WHO advice for cleaner PH air: Curb use of private cars
KATOWICE, POLAND—The Philippines should invest in healthy urban planning to combat climate change, promote better public health, and save lives, a top World Health Organization (WHO) official said on Wednesday.
Maria Neira, WHO director for public health, said reducing the carbon emissions in the country’s cities, where a large number of people live, would go a long way not only in improving the environment but also in curbing deaths due to air pollution from fossil fuels, a major culprit for climate change.
On the sidelines of the United Nations climate talks in this coal mining city, the UN body on Wednesday launched a historic report that showed the link between the rapidly warming planet and public health.
Neira said burning fossil fuels that produced carbon dioxide was one of the major causes of air pollution, which results in 7 million deaths per year around the world.
122,000 deaths annually
Meeting the commitments of the 2015 Paris Agreement, where governments pledged to act to keep global warming to “well below” 2 degrees Celsius, could save millions of lives a year by 2050, the report said.
A WHO report earlier this year ranked the Philippines third in the Asia-Pacific region in the number of deaths due to outdoor air pollution. The organization’s BreatheLife campaign reported that more than 122,000 people in Metro Manila die yearly from air pollution.
Neira said in an interview that the transport system in Philippine cities was one of the major causes of air pollution.
“You should promote a cleaner public transport system, which is reliable and affordable for citizens, and discourage the use of private cars,” she said.
Diseases, falling crop yields
The WHO report said the transport sector accounted for about 23 percent of global energy-related greenhouse gas emissions.
“A vast majority [of private vehicles] run on petrol or diesel fuel. They emit not only greenhouse gases, but also particulate matter, which contributes to poor air quality,” the report said.
Neira said political willingness was greatly needed to deal with the pollution problem.
“You can develop economically without destroying your lungs and the environment,” she said.
Kristie Ebi, professor of global health at the University of Washington, said scientific evidence now showed that “people today are suffering and dying from climate change.”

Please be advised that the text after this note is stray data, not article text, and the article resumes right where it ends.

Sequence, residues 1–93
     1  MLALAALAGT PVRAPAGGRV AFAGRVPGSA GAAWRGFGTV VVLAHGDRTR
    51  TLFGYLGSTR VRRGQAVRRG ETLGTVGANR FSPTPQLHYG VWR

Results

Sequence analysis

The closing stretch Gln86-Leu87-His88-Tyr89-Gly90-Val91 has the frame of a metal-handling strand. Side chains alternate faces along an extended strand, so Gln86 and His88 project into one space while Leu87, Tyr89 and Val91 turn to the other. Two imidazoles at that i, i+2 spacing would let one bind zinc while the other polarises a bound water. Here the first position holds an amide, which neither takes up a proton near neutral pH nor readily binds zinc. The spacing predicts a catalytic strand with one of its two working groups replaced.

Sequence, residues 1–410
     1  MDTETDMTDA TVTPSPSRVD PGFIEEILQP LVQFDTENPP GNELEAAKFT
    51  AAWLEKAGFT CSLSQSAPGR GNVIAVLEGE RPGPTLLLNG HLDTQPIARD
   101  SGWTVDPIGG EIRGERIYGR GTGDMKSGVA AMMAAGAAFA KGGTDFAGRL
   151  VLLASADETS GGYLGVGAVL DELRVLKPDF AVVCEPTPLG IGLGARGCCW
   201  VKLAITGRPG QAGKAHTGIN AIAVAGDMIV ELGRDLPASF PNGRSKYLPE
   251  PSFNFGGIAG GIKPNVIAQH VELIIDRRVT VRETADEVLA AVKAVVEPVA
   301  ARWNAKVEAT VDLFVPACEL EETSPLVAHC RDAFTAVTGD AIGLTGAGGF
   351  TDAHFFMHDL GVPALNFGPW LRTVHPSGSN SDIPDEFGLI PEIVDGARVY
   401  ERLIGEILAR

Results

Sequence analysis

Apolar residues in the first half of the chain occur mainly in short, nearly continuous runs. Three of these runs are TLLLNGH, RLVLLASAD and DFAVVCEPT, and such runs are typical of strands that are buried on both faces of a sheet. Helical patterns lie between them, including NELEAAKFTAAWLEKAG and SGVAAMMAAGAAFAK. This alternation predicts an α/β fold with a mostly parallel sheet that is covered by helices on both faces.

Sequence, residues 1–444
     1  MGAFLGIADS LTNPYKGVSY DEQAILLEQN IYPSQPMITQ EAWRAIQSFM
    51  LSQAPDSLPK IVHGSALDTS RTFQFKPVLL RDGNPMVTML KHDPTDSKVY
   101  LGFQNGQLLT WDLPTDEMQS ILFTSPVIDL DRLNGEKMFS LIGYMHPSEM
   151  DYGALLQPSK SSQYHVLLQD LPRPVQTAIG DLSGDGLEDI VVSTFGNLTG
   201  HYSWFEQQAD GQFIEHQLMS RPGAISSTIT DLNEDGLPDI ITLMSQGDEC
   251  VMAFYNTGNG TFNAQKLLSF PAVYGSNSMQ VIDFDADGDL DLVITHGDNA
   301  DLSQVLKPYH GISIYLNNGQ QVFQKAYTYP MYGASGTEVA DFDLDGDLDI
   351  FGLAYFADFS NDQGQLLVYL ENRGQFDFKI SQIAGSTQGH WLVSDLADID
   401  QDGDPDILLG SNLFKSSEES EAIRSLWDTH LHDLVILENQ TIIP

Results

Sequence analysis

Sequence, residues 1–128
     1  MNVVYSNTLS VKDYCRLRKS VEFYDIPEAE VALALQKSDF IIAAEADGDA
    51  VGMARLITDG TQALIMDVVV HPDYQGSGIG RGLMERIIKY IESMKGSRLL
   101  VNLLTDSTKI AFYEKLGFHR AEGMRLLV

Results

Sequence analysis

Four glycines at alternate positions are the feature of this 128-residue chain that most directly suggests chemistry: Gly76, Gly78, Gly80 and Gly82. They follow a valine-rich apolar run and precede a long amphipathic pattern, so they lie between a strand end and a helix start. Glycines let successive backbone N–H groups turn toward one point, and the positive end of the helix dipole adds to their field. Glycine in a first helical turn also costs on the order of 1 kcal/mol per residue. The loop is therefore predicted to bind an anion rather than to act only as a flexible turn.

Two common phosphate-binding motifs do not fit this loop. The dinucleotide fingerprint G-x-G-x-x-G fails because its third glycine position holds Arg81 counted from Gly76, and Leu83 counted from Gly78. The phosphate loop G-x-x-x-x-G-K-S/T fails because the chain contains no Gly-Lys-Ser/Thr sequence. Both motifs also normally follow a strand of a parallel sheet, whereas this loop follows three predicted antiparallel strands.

The consequences range from chronic diseases linked to air pollution, such as asthma and lung cancer, to undernutrition as crop yields fall and rising carbon dioxide levels in the air slash nutrients in staple foods, she added.
A recent report by C40, a network of the world’s megacities committed to dealing with climate change, said cities had a leading role in capping the rise in global temperature at 1.5 C, in line with the 2015 Paris accord.
Shifting to cleaner transport can slash greenhouse gas emissions by 25 percent and prevent at least 86,000 premature deaths, it said.
Milag San Jose-Ballesteros, C40 director for East, Southeast Asia and Oceania, said Southeast Asian cities emitted lower emissions than big cities in China and India, but the region’s urban areas continued their rapid growth, which would also result in increased emissions if a low carbon development approach was not taken.
“One of the challenges is really the transition to zero or low carbon transportation. [There is] lack of planning for optimal deployment of walking, cycling and mass transit,” Ballesteros said. “Much of the infrastructure that remains to be built is locking in the metro in high carbon facilities and energy sucking buildings.”
Call to mayors
The WHO report recommended that city mayors and other local leaders be mobilized to cut carbon emissions, increase resilience and promote health.
The report, which was written at the request of Fiji Prime Minister Frank Bainimarama, a former Conference of the Parties president, was crucial in making sure that peoples’ health would be incorporated in the climate discussion.
“The drivers of carbon emissions and air pollution are the same: It’s the fossil fuel combustion,” Neira said. “For us, the climate change negotiators need to incorporate those 7 million deaths in all of their calls for action.”
WHO scientist and report author Diarmid Campbell-Lendrum said buying cheap but polluting technology eventually leads to high health costs.
“We should be making the fight for climate action same as air pollution,” he said. “We urge people to recognize that this is the same fight and we have the same answers.”
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